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Bioengineers at Yale and Cornell have created a modified chemotherapy that more effectively reaches and remains at the site of brain tumors — by adding a water-soluble polymer to the anti-cancer drug, according to a report in the November-December issue of Bioconjugate Chemistry.

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Researches at Emory University have developed a novel anti-tumor compound that represents a distinct strategy: targeting one of the most important “intercept points” for cancer cells.

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A non-invasive diagnostic tool to detect surface cancers quickly and painlessly using technology currently employed by gyms to calculate body composition has been developed by a QUT PhD medical physics researcher.

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A team of investigators from the Massachusetts General Hospital (MGH) BioMicroElectroMechanical Systems (BioMEMS) Resource Center and the MGH Cancer Center has developed a microchip-based device that can isolate, enumerate and analyze circulating tumor cells (CTCs) from a blood sample. CTCs are viable cells from solid tumors carried in the bloodstream at a level of one in a billion cell. Because of their rarity and fragility, it has not been possible to get information from CTCs that could help clinical decision-making, but the new device - called the "CTC-chip,"- has the potential to be an invaluable tool for monitoring and guiding cancer treatment.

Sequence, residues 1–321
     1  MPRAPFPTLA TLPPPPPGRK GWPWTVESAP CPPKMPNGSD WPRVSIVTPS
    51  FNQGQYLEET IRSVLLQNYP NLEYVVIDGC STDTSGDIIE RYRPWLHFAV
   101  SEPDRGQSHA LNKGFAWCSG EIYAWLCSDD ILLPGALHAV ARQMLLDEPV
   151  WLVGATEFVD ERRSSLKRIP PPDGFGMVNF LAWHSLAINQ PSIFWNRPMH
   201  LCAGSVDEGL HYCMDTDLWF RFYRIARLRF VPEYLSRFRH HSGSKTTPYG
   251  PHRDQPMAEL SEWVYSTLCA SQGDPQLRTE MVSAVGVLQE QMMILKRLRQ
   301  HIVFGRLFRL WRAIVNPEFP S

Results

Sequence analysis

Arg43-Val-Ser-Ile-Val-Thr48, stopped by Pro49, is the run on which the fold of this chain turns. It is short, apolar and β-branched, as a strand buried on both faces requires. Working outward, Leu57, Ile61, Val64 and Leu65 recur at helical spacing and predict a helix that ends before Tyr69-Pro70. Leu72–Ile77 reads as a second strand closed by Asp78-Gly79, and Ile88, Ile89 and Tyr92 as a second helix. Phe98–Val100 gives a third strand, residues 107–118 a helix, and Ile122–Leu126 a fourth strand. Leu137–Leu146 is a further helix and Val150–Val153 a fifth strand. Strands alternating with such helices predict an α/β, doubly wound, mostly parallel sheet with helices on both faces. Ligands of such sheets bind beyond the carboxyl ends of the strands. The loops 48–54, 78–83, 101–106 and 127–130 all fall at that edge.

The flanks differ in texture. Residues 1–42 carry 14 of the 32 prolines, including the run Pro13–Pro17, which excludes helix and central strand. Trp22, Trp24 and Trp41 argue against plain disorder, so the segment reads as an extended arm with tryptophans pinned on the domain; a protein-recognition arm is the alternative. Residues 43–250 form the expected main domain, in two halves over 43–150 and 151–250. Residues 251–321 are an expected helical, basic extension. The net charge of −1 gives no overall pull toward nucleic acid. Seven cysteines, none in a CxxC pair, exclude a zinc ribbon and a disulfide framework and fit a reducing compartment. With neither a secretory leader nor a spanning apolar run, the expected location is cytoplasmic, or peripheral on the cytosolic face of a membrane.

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A relatively new, minimally invasive treatment was 100 percent successful in eradicating small malignant kidney tumors in a study of more than 100 patients, report researchers from Wake Forest University Baptist Medical Center.

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